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A pair of meteor showers culminate when Comet Neowis disappears



Paul Martin-dsc6042-2-1595347882

Comet Neowis and a meteor captured over Bluff in Utah on July 20.

Spaceweather.com/Paul Martini

The best nights to see bright comet Neowise they’re probably behind us, but skywatchers should be looking for it this week while watching to see if meteor showers hit their pace.

handful meteor showers are currently active, including Alpha Capricornids and Southern Delta Aquarids, which will culminate on July 29. The moon is only partially lit this week, and Neowise should be visible through binoculars, giving you a little excuse not to go out after dark and spend little time just watching.

Last week I set out for an extremely dark evening in the New Mexico desert, a few miles from the lights of the nearest small town. I turned north, located the Great Wagon in the sky, and moved down a little. Comet Neowis, with its long, burning tail, was immediately apparent, before my eyes fully adapted to the darkness.

I spent less than 10 minutes outside watching the night sky, and during that time I managed to spot two whipping meteors, including one that seemed to cut Neowis’ tail. It was a truly remarkable sight that immediately regretted me grab my binoculars or camera.

Some of you weren’t so sorry and you shared your best photos of Neowis with me:

One Wisconsin photographer seems to have captured the same kind of double object I saw:

More than a dozen meteor showers are currently active, but only a few are likely to create many visible shooting stars, says Robert Lunsford of the American Meteorological Society. South Delta weather showers, alpha-Capricornids and Anthelion have the potential to produce more meteors per hour this week. The famous Perseids also begin, but can generate one or two tail lights per hour.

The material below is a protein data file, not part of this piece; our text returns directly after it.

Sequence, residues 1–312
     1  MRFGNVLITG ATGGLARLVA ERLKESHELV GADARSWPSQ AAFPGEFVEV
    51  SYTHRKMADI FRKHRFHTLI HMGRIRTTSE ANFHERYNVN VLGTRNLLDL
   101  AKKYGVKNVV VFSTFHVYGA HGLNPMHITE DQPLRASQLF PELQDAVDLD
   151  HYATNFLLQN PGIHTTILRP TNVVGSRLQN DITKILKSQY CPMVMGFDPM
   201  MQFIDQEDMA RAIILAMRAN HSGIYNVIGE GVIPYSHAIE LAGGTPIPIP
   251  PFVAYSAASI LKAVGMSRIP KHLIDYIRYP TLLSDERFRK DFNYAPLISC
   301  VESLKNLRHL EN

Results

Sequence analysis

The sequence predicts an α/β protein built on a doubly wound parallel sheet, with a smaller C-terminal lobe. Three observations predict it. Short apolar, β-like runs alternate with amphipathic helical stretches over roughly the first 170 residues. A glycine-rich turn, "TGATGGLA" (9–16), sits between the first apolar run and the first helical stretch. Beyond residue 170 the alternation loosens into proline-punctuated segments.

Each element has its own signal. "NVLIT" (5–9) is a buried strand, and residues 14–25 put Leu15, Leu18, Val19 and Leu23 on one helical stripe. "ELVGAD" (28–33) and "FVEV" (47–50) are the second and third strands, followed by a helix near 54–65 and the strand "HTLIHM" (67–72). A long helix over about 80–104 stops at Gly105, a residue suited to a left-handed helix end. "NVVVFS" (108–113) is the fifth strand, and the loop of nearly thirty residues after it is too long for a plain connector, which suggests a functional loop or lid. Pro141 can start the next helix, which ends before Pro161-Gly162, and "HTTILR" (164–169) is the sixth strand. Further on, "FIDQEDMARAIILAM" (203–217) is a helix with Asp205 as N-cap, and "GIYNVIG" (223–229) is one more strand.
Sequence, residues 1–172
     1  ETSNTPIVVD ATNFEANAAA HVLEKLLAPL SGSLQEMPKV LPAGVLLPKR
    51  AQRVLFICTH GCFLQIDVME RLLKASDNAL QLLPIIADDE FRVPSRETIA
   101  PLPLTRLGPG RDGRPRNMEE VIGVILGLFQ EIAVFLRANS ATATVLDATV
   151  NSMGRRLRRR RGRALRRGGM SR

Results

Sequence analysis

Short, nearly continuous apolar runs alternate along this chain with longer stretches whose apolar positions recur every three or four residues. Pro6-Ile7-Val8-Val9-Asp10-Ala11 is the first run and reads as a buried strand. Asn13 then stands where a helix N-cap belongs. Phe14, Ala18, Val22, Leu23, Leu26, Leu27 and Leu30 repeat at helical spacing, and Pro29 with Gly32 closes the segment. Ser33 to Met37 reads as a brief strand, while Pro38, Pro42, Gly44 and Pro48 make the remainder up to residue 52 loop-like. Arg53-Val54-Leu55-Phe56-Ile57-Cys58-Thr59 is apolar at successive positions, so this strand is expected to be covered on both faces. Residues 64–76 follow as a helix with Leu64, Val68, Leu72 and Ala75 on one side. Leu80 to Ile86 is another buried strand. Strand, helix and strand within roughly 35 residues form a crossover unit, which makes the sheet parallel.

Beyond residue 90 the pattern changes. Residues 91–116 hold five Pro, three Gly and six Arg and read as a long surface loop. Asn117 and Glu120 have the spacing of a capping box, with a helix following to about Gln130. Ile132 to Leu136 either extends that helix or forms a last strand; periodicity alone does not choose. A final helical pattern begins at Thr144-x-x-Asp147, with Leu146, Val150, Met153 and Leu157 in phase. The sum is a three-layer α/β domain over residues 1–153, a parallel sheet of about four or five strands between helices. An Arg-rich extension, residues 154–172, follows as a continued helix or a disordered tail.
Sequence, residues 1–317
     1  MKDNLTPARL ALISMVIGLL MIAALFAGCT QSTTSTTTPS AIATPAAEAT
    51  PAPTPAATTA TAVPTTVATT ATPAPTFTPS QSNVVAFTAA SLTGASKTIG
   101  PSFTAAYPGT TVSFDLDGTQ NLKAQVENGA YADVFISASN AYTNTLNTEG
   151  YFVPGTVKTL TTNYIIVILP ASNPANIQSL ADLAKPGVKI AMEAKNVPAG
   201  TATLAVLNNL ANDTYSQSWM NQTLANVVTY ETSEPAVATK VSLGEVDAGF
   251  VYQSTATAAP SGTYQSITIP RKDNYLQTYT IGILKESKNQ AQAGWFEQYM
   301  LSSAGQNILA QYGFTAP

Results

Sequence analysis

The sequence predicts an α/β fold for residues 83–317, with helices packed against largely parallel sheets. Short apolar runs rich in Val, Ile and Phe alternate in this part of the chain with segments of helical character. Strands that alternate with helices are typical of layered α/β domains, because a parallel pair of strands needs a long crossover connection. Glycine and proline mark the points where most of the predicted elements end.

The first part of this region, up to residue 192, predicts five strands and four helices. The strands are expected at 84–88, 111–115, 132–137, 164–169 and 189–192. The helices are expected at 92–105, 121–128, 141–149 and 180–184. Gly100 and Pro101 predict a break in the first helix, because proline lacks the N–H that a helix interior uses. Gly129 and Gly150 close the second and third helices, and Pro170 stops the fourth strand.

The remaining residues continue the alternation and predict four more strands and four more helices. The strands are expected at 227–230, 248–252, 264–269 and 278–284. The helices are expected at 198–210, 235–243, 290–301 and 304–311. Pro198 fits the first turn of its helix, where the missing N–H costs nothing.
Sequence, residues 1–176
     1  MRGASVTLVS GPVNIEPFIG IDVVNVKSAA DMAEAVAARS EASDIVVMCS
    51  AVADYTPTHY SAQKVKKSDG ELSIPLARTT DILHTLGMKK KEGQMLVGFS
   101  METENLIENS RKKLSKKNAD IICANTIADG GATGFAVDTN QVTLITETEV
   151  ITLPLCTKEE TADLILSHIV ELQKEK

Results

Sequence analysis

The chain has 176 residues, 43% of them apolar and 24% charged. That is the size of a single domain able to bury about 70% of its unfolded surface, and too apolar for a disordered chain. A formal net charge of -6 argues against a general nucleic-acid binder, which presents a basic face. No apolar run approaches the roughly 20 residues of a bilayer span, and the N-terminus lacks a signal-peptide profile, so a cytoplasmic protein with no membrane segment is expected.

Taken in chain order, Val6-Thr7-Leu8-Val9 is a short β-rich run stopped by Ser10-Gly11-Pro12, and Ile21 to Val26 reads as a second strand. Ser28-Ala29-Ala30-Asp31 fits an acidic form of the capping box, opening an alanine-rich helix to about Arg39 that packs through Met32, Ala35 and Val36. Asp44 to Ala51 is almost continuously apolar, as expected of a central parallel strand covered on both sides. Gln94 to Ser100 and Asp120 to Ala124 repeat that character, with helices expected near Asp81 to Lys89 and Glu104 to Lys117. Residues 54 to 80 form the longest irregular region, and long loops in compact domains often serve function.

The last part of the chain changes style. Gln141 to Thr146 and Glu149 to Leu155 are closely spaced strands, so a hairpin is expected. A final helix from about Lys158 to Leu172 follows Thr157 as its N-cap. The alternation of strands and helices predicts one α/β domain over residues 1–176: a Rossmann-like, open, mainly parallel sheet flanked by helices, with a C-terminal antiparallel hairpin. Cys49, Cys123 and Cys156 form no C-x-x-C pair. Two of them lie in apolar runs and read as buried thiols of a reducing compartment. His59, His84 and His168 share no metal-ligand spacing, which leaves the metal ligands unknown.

“The estimated total hourly rate for evening observers this week is approximately 4 when viewed from mid-northern latitudes and 3 when viewed from tropical southern locations (25 S). For early observers, the total estimated hourly frequency should be around 22 when viewed from half north latitude (45 S) and 19 when viewed from tropical southern locations (25 S), ”Lunsford writes in his weekly meteor forecast.

“Actual rates will also depend on factors such as personal light and perception of movement, local weather conditions, vigilance and meteor activity monitoring experience. Evening rates are reduced during this period due to the moonlight. “






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Tips for capturing Comet Neowis with the camera




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Remember that the best way to see Neowis and meteors is to get as far away from light pollution as possible. In the evening sky, look for a comet under Big Dipper and don’t forget the camera! Leave those stellar, eric, cometary images coming to @EricCMack on Twitter or Instagram.




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